Later in the evening we spotted a figure at the other end of the lake, who turned out to be Jones, assistant engineer for the City of Victoria. We had made space in the small tent for five of us; now we had to squeeze in six, where there was room only for three. It became very cold with fog all around us when we turned in.

It rained in the night, but by morning showed signs of clearing. We left Camp 4 at 9 a.m., Mr. Jones accompanying us. A small lake just above the camp was still more than half covered with ice and snow. We topped the ridge and came down on a fairly large lake [Schjeldrup Lake], the source of Wolf River. The clouds were lifting but the Rooster's Comb would not clear. After waiting over an hour for a photo we did at least get a glimpse of the top.

Our route lay around the left of the lake across three fairly large and steep snow patches, where a slip would have meant drowning. From the end of the lake we looked down the length of the Wolf River valley. We descended steeply 300 to 400 feet, crossed over some flat ground, then had an uncomfortable traverse along a bush- and timber-covered mountainside. The route followed a short way up a small gully, which we left to emerge onto a ridge of the Rooster's Comb in open country.

Above to the right we could see the top camp of the survey party at about 5000 feet. Following the ridge tops we reached their Camp 5 about 4:30 where we found [Norman] Stewart, the head of the survey party, and his assistant, [Dan] Harris. They informed us they had that day (July 21) climbed the Rooster's Comb. Stewart offered us Harris as a guide for our attempt next day.

July 22 dawned a perfect, cloudless morning with a film of ice on the little lake by the camp. Harris led off at 8. We crossed an easy slope, then a wide scree and snow field until we reached a rock face, where we roped, although there were foot and hand holds. Next we crossed a few-feet-wide steep snow patch and then had more rock climbing. About 100 feet from the top we discarded the rope and made our way over broken boulders to the summit reached at 10.35. The "Rooster's Comb" (now officially Golden Hinde) is 7219 feet, the highest point on Vancouver Island, and very nearly at its centre.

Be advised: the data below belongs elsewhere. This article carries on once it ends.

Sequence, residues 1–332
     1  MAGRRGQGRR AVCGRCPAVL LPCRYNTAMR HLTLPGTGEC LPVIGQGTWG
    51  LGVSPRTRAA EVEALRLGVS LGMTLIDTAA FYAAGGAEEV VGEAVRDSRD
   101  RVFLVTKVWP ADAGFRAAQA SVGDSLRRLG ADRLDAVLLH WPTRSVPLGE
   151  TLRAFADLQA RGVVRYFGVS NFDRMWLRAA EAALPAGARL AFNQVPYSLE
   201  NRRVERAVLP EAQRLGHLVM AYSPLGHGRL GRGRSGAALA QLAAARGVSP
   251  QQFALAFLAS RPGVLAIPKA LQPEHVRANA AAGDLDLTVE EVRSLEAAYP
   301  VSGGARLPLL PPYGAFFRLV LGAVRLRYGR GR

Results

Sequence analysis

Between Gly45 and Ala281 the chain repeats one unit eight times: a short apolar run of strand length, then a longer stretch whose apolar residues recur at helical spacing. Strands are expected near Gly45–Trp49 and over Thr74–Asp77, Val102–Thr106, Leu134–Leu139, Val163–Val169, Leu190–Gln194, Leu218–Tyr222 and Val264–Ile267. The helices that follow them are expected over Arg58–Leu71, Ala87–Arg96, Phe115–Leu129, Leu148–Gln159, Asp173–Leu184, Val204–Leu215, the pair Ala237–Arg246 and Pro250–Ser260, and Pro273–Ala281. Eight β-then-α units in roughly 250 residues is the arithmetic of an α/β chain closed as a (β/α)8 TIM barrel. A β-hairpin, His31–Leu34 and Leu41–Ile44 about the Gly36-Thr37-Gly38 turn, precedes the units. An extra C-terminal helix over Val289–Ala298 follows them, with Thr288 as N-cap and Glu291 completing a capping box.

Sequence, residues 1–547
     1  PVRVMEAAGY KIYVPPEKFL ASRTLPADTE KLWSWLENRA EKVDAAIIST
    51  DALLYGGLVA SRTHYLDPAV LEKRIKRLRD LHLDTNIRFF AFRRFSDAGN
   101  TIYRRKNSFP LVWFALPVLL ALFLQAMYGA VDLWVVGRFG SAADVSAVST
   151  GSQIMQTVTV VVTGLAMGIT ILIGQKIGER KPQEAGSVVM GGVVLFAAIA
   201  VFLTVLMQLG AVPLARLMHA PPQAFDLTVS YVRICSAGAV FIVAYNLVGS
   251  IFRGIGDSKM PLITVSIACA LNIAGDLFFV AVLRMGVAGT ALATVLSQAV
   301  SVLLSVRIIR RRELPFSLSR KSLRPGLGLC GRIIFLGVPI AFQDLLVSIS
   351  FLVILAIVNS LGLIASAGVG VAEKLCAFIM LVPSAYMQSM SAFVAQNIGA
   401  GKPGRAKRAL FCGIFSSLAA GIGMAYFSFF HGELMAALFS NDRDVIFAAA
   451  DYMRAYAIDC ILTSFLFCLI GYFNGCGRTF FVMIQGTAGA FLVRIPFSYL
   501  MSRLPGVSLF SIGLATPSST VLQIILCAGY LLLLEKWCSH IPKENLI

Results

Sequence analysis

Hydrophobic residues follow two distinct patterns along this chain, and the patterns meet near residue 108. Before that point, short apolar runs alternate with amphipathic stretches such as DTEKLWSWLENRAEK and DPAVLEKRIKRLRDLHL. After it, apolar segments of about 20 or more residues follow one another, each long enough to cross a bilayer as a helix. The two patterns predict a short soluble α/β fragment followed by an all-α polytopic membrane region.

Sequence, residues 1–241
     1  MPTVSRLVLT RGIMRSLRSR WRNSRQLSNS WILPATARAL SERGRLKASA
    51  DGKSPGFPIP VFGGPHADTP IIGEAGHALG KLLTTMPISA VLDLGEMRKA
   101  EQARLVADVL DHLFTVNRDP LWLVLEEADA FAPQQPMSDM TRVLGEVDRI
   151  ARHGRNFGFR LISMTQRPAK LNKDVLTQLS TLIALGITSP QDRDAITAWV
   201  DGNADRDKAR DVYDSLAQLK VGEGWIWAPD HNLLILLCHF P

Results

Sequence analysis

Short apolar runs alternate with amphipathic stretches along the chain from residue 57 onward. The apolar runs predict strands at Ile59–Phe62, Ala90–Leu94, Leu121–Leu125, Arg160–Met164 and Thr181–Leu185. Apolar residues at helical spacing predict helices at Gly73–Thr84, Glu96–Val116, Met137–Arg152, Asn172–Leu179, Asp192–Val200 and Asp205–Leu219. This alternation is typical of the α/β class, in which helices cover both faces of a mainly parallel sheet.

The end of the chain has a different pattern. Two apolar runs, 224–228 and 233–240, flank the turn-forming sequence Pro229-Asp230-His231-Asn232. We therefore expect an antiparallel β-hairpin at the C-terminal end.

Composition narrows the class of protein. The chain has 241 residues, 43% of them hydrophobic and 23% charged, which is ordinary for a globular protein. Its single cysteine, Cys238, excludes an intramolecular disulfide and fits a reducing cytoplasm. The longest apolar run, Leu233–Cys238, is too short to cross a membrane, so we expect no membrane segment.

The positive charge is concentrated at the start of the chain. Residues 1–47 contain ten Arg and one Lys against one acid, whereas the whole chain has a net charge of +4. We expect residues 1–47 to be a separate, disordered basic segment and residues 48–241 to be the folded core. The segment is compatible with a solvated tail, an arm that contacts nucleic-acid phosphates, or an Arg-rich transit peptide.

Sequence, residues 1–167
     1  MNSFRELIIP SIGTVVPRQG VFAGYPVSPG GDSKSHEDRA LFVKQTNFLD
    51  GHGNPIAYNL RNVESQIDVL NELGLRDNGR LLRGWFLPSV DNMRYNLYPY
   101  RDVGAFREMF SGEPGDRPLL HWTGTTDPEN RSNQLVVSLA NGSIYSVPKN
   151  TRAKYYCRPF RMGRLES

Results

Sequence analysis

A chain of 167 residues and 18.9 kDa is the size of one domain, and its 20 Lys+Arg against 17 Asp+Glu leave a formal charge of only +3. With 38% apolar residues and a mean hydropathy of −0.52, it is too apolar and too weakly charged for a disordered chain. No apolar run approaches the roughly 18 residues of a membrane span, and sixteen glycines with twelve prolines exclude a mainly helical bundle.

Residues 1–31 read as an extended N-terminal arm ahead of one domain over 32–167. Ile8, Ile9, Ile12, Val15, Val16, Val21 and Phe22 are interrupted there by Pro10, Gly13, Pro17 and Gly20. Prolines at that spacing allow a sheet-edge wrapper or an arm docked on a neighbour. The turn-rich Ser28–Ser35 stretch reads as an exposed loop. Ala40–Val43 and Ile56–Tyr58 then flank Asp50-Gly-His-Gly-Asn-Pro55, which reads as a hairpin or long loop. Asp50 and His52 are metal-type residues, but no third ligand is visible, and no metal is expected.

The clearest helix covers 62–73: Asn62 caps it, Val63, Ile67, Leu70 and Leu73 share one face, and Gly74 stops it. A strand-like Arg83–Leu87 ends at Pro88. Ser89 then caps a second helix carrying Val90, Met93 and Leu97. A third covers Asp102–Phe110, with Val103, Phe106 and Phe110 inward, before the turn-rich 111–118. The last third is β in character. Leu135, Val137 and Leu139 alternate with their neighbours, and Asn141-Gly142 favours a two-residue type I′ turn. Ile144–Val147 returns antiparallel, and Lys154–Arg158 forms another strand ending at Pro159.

We stayed on top for over an hour, examining the surroundings and photographing. We put our names in the small cairn that Stewart and Harris had built the day before. We could see some of the survey party on the big peak of this mountain, away from the three-peaked summit we were on. We reached camp at 1:15.

Starting homewards at 3:15, we arrived at the meadow at the top of Wolf River valley just above the waterfall by 5;15. There were a few ducks on the lake just above the falls. Three of us got to Camp 4 about 7:15; I dragged in some half an hour after. In full moon light we all squeezed into the little tent.

The next morning we spent en route to the survey party base camp, which we reached after a forced halt over night. The cook treated us royally with a whopping breakfast. The rest of the day was lazed away in 82 degrees temperature.

On the morning of the 25th we started down the lake in perfect weather, with the cook at the engine. Arriving at the end of the lake at 11:15 we lunched, said good-bye to the hospitable cook, and started up the trail to Upper Campbell Lake. Seeing no boat at the cabin at 3:55 we of necessity continued on the trail, reaching Sutherlands at 5:15. As seen from the truck, the logged-off rolling country to Camp 8 was a purple mass of blossoming firewood. We had clutch trouble, but reached Courtenay by dark.